There are a number of reasons to call Minnesota an attractive destination for global businesses. We have a strong economy, a well-educated workforce and a wonderful quality of life, just to name a few. Another critical factor that entices companies to do business in the region is our connectivity to global markets, particularly Asia.

Currently, Delta Air Lines offers the only nonstop service from Minneapolis-St. Paul International Airport to Tokyo’s Narita Airport. It is a route used frequently by businesses that choose to call Minnesota home. I know that at Thomson Reuters, Tokyo is our No. 3 market, after New York City and London. Just last year, the 20 Minnesota businesses that used this direct route the most frequently used it more than 10,000 times. The route allows Minnesotans to not only travel to Tokyo directly, but also to connect to important business markets throughout Asia — one of the fastest-growing regions in the world. We know that direct international air service enables businesses to locate and flourish in Minnesota.

Unfortunately, recent negotiations between the governments of the U.S. and Japan are putting Minnesota’s only direct flight to Asia at risk. Since 1978, the Japanese government has required all trans-Pacific flights to and from Tokyo to operate at the Narita airport (about 90 minutes from downtown Tokyo). Recently, Japanese officials called for an incremental opening that would provide opportunities for Japanese carriers and their code-share partners to operate out of Haneda Airport, which is only 10 minutes from downtown Tokyo. Unfortunately, this new arrangement would not provide room for Delta’s operations to move.

While enough capacity exists at Haneda to serve all U.S. carrier needs and provide competition, Japan has insisted on a controlled, limited opening designed to benefit only Japan’s network carriers and their partners. Unfortunately, the U.S. government has already agreed to this framework that, if adopted, would undermine Delta’s service between U.S. cities and Tokyo, including MSP’s direct flight, and reduce competition on travel to Asia.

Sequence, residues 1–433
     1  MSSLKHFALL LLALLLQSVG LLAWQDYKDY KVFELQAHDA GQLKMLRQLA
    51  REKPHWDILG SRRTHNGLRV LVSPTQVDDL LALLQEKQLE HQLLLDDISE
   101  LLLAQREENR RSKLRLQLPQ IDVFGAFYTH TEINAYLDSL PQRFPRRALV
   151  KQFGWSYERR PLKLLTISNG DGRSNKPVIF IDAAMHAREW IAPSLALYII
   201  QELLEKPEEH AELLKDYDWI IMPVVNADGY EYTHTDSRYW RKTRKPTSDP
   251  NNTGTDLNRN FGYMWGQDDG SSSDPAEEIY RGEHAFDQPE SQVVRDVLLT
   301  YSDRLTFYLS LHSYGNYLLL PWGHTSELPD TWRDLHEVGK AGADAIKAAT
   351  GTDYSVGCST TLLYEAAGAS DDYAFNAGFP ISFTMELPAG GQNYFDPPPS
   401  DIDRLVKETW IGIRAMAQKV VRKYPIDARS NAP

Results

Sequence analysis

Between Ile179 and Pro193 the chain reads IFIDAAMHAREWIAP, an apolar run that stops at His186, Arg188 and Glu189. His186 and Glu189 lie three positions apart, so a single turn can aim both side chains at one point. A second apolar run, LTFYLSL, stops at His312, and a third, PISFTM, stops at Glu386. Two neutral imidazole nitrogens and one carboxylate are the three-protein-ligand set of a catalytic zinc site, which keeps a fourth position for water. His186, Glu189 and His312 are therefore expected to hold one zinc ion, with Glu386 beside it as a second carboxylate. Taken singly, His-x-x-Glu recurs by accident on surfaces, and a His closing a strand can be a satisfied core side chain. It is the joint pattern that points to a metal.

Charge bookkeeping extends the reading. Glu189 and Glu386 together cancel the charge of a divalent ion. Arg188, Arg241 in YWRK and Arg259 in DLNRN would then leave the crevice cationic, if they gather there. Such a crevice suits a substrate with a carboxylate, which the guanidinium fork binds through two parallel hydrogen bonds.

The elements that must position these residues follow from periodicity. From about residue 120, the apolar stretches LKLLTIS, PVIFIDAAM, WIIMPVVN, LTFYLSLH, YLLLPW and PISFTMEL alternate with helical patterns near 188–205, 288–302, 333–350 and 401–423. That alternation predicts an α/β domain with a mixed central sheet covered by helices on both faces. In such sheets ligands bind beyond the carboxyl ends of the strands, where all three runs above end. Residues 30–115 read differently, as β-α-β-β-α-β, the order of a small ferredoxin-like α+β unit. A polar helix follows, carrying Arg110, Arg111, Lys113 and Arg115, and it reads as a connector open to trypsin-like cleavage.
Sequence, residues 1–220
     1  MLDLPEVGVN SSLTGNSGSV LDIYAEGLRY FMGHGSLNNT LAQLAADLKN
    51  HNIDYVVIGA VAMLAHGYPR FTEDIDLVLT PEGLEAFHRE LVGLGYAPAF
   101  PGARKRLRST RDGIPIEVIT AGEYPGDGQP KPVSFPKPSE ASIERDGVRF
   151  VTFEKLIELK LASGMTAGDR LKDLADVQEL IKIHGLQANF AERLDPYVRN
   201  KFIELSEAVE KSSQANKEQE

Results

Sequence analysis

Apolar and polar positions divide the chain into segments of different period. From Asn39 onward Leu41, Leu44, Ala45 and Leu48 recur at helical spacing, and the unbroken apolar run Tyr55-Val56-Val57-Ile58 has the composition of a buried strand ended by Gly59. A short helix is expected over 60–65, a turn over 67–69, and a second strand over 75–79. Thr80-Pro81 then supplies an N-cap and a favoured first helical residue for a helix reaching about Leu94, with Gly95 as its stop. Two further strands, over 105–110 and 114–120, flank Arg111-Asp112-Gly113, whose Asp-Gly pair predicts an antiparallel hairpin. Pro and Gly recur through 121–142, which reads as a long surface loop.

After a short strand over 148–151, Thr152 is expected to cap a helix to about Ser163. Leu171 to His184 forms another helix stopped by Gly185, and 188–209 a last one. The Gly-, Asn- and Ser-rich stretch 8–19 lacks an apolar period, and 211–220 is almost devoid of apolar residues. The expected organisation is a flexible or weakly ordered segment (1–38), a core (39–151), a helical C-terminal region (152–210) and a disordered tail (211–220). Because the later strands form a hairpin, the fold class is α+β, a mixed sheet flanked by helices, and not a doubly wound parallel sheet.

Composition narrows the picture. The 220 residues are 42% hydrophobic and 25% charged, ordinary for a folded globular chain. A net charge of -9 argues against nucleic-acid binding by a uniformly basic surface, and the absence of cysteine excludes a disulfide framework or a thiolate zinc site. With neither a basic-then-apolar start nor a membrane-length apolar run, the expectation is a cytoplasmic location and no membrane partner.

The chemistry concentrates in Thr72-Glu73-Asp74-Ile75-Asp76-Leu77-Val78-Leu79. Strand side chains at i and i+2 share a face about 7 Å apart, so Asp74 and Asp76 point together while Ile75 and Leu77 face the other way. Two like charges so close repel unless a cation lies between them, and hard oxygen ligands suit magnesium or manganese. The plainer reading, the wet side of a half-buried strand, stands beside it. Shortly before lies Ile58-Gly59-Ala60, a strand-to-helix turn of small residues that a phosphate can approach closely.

It is clear to me — as a commissioner on the Metropolitan Airports Commission and a board member on the Minnesota Business Partnership and Greater MSP — that this potential move will inflict economic harm on our business communities and hinder the ability of Minnesota businesses to engage in the global market effectively.

It also takes Minnesota in the wrong direction. The business community is asking for more access to Asia, not less. We know that each international flight that is added at MSP expands access to key business markets, boosts tourism and helps to strengthen our economy.

The U.S. government should insist that the government of Japan open Haneda to fair competition. The businesses and people of Minnesota depend on open skies.

 

Rick King is a member of the Metropolitan Airports Commission and a board member of the Minnesota Business Partnership and Greater MSP. He is executive vice president and chief information officer at Thomson Reuters.